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Welcome to Appetite for Discussion -- a Guns N' Roses fan forum!

Please feel free to look around the forum as a guest, I hope you will find something of interest. If you want to join the discussions or contribute in other ways then you need to become a member. We especially welcome anyone who wants to share documents for our archive or would be interested in translating or transcribing articles and interviews.

Registering is free and easy.


2004.04.DD - Gitarre & Bass (Germany) - Interview with Slash

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2004.04.DD - Gitarre & Bass (Germany) - Interview with Slash Empty 2004.04.DD - Gitarre & Bass (Germany) - Interview with Slash

Post by Blackstar Fri Aug 21, 2020 6:34 pm

While Axl Rose is still working on the everlasting comeback of Guns N' Roses, his old bandmates Slash, Duff McKagan and Matt Sorum are already a full step ahead: With 'Contraband', they present a debut album that unites the best of metal and grunge - and and still stands under a bad star.

The legendary 'Rainbow' on Sunset Strip in L.A.: a shabby combo of bar, restaurant and club, that's been known as the biggest drinking place of Rock N' Roll for the past 30 years. Why? No one knows exactly. Probably also not Lemmy, who sits here at the Flipper machine all night with a glass of Whiskey-Coke, waiting for the big love. Which will probably never find him in this environment. Especially not in 2004, with the many tourists that mistakenly come into the rotting wood of the place.

Or also Slash, Duff McKagan and Matt Sorum, the former heart of Guns N' Roses. Three gentlemen in their early 40's, who present the first samples of their new band in this historical place, and of whose faces one very probably reads the excesses of the last two decades. They are still very slim and with full hair, but nevertheless with shaky hands, collapsed face structures and deep laying eyes. Late consequences, which cannot be hidden easily with dark sun glasses and a lot of black leather. Nevertheless, these Zombies breathe fresh air thanks to Velvet Revolver, their first band since they collectively left the Gunners - a move which they paid with more or less unsuccessful and/or weak solo albums, unsatisfactory session jobs and numerous private problems. "I won't make a secret of the fact that the last years weren't easy ", says Sorum. "Finally we were in the biggest rock band in the world, and all we did was sit at home and stare at the ceiling. Clearly you can't process that very easily. And secretly I've always waited for Axl's call, which never came. Fortunately enough: what I saw last year with the MTV Awards, was horrible."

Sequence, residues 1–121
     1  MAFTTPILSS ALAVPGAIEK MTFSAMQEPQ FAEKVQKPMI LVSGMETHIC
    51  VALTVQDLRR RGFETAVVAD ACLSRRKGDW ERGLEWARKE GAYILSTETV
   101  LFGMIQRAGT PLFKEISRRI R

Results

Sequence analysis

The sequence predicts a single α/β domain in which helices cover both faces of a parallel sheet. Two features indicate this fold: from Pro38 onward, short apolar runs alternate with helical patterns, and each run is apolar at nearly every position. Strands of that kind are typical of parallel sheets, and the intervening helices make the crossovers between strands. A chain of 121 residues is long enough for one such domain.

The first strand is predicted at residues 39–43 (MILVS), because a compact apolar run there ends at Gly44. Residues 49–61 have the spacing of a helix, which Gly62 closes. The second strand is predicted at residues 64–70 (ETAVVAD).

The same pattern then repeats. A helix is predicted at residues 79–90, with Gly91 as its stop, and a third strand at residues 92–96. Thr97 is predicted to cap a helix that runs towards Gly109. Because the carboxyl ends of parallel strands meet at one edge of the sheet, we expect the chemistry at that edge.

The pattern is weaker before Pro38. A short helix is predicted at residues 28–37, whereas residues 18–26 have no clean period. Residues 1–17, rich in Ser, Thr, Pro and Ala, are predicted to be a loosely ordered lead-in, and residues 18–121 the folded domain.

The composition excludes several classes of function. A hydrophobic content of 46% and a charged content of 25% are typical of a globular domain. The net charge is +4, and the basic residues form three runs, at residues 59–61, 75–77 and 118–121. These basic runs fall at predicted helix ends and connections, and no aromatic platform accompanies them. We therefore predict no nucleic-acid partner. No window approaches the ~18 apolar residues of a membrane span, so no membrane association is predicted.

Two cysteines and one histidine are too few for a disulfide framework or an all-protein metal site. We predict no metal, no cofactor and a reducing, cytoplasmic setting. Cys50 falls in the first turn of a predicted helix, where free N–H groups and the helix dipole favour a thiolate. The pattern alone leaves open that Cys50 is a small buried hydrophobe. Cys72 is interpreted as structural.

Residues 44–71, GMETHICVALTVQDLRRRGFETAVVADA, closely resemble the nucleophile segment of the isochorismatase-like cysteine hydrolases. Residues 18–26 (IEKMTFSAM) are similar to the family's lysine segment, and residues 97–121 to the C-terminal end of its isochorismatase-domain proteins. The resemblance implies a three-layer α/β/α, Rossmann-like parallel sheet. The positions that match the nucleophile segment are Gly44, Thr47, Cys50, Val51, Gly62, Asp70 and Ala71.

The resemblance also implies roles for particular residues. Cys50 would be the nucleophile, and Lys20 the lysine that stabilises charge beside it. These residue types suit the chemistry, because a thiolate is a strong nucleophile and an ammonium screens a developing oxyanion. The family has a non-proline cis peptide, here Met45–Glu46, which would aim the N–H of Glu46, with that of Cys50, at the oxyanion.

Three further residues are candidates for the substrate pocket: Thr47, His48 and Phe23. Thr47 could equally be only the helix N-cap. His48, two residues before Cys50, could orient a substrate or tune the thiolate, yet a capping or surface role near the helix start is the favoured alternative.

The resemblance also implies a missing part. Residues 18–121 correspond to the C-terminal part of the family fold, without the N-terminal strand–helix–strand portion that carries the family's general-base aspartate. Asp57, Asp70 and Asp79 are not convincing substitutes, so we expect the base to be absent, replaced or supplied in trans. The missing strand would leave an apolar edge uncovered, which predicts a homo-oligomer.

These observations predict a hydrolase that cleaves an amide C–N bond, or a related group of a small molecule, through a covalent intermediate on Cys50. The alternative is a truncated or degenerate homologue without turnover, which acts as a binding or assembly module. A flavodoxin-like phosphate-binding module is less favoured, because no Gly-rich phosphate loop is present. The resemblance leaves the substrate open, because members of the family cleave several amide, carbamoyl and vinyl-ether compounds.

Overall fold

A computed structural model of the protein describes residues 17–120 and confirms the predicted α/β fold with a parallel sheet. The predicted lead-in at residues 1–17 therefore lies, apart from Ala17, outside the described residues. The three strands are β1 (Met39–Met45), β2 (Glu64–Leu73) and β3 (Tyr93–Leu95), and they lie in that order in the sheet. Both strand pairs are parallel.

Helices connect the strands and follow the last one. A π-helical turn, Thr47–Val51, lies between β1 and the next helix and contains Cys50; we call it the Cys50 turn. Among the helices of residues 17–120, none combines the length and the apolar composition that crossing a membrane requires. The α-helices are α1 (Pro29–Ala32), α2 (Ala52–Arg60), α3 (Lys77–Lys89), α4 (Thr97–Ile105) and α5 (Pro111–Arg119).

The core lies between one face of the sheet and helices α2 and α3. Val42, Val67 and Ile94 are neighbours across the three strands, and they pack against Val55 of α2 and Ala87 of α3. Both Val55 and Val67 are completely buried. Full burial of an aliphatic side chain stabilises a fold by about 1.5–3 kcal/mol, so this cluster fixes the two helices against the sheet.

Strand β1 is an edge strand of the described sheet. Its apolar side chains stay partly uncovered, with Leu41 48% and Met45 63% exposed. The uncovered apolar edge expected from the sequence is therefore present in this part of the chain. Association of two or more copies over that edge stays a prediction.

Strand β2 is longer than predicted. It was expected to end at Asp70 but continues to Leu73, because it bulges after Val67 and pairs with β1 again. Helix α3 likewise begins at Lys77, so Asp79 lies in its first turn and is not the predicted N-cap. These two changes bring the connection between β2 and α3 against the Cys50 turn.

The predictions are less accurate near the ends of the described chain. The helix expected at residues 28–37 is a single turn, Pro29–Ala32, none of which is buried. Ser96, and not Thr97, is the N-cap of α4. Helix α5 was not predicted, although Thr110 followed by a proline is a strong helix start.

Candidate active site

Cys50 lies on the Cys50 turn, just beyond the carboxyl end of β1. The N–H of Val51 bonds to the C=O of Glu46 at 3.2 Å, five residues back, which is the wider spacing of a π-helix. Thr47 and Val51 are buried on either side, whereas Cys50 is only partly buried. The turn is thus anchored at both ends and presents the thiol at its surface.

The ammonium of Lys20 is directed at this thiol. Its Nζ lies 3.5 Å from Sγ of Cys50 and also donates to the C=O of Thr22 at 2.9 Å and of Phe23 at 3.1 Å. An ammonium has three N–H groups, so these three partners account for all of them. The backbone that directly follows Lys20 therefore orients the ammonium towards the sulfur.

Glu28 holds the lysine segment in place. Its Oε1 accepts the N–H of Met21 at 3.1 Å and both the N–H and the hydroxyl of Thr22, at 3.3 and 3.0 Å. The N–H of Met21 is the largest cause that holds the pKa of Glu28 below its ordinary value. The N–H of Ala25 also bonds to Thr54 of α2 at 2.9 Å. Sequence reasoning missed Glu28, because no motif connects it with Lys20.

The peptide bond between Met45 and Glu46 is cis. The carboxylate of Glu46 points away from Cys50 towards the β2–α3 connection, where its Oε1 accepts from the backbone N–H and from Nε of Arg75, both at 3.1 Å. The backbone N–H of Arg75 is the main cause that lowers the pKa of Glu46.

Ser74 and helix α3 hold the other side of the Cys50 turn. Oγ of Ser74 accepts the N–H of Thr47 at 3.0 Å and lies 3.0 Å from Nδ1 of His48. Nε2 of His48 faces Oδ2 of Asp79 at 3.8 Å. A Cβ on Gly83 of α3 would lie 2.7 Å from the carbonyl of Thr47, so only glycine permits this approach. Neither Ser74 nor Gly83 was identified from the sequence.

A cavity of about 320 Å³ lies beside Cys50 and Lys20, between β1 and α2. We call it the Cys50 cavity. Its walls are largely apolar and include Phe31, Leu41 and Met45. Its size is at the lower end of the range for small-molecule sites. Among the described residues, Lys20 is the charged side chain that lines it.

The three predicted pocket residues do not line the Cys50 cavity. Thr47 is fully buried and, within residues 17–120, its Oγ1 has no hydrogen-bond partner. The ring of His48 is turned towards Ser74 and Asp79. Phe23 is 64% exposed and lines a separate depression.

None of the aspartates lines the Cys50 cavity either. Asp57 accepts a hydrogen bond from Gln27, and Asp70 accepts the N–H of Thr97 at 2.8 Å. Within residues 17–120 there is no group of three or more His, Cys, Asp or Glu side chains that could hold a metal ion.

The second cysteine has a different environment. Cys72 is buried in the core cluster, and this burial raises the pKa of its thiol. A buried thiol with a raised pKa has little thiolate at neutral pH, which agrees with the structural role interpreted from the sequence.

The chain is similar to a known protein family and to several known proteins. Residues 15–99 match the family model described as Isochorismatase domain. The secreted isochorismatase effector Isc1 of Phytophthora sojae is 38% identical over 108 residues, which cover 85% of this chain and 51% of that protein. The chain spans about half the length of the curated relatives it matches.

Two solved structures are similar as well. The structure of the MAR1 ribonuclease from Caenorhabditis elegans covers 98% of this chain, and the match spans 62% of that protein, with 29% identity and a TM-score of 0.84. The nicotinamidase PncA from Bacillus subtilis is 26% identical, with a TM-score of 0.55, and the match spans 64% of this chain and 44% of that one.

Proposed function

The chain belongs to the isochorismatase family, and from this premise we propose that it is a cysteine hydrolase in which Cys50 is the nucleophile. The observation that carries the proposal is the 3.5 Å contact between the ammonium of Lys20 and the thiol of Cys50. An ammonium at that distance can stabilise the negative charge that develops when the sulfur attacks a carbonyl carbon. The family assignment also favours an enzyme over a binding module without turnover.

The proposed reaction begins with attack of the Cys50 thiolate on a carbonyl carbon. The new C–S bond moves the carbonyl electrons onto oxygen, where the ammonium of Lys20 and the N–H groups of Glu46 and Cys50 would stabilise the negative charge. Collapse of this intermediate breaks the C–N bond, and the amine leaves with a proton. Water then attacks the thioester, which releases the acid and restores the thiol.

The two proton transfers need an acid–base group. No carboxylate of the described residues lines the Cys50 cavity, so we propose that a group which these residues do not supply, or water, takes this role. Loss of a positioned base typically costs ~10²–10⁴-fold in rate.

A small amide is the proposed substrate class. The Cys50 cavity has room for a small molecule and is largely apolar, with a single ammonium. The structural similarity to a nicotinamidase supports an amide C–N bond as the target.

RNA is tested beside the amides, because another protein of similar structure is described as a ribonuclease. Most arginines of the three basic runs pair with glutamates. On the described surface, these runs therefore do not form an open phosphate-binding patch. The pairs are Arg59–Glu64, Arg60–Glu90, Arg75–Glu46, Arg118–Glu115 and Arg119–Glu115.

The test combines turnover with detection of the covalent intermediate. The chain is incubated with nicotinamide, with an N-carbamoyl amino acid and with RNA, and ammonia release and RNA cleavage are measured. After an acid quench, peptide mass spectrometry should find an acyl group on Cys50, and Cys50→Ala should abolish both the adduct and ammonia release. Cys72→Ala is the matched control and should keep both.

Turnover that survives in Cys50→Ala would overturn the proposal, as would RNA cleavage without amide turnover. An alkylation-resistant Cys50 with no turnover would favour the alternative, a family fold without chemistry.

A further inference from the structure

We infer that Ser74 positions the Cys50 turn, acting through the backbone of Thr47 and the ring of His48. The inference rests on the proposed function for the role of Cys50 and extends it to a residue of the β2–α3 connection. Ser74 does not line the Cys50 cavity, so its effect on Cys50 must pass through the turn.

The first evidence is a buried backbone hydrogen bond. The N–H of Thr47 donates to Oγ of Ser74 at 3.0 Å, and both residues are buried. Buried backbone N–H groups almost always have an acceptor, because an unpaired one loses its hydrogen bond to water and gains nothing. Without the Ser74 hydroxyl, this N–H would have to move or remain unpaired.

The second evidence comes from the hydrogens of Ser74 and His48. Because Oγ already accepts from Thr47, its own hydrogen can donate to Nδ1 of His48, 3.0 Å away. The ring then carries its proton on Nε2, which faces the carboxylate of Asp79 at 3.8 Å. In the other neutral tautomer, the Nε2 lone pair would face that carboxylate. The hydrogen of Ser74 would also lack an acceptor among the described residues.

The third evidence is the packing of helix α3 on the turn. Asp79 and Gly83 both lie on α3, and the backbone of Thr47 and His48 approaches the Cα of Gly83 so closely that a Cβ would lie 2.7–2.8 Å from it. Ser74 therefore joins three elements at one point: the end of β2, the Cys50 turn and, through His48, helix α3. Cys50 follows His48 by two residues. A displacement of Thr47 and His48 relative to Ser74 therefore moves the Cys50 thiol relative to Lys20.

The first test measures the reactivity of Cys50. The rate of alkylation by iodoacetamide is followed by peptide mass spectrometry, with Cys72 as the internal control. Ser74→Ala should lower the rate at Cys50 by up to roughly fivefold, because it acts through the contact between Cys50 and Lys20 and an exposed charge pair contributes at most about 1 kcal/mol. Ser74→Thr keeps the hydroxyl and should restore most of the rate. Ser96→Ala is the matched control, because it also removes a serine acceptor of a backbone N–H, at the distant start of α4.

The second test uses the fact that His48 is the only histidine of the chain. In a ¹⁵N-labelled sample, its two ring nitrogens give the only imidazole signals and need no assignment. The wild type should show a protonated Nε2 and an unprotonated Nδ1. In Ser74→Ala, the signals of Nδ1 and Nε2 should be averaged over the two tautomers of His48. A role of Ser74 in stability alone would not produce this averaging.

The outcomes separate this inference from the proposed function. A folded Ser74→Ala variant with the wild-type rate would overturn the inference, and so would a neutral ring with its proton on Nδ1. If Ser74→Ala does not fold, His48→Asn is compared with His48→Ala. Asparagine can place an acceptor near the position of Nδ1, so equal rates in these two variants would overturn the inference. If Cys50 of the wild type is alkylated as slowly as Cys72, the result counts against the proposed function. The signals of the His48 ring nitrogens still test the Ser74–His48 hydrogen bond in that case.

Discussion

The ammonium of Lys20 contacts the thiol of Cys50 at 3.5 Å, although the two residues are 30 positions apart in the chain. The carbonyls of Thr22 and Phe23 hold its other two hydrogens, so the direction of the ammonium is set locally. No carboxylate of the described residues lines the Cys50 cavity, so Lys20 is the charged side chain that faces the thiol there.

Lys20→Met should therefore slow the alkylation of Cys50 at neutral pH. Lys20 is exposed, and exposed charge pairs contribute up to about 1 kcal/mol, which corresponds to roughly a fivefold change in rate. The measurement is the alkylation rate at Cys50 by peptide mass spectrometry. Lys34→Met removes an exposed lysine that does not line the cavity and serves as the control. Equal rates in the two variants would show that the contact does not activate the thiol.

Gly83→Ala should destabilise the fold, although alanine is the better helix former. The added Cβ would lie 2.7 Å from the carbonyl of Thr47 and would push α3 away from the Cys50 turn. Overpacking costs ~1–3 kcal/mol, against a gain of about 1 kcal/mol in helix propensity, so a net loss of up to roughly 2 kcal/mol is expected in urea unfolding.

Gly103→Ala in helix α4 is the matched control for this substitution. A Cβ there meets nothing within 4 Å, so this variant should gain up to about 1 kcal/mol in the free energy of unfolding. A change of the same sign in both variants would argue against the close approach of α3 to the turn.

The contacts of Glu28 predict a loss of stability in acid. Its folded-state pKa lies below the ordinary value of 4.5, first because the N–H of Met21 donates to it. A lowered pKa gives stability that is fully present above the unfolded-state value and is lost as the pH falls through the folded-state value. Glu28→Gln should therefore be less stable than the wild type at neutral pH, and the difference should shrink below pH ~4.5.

A realization, which suddenly transported the drummer into reality and made him realize the necessity for a new formation. And something, that doesn't have its anchor in the cloudy 80s and 90s, but sounds up-to-date and modern. He also inspired Slash and Duff as well as two other old acquaintances: Dave Kushner, who toured with Dave Navarro and Suicidal Tendencies, and Scott Weiland, the former frontman of the Stone Temple Pilots. A lean, stick-thin guy who once ranked among the most fabulous persons of Grunge, but caught more attentention with his recent drug issues and is currently on trial for possession of heroin and hit-and-run. It's not what gives a band confidence, especially when they want to do a club tour in Europe in April and want to release their debut album 'Contraband' on June 7th. An explosive mixture of Gunners-rock, post-Grunge, psychedelic 60s Pop and impetuous Punk, which does not have anything nostalgic about it, but rather sounds like a young, hungy band. Which is what the five are, at least according to Slash.

G&B: With the last Gitarre & Bass interview in the summer of 2000, you just put together a new Snakepit lineup, signed an indie-deal with Koch and recorded a new album. But you can't have been very happy with that - eventually nothing of all that lasted.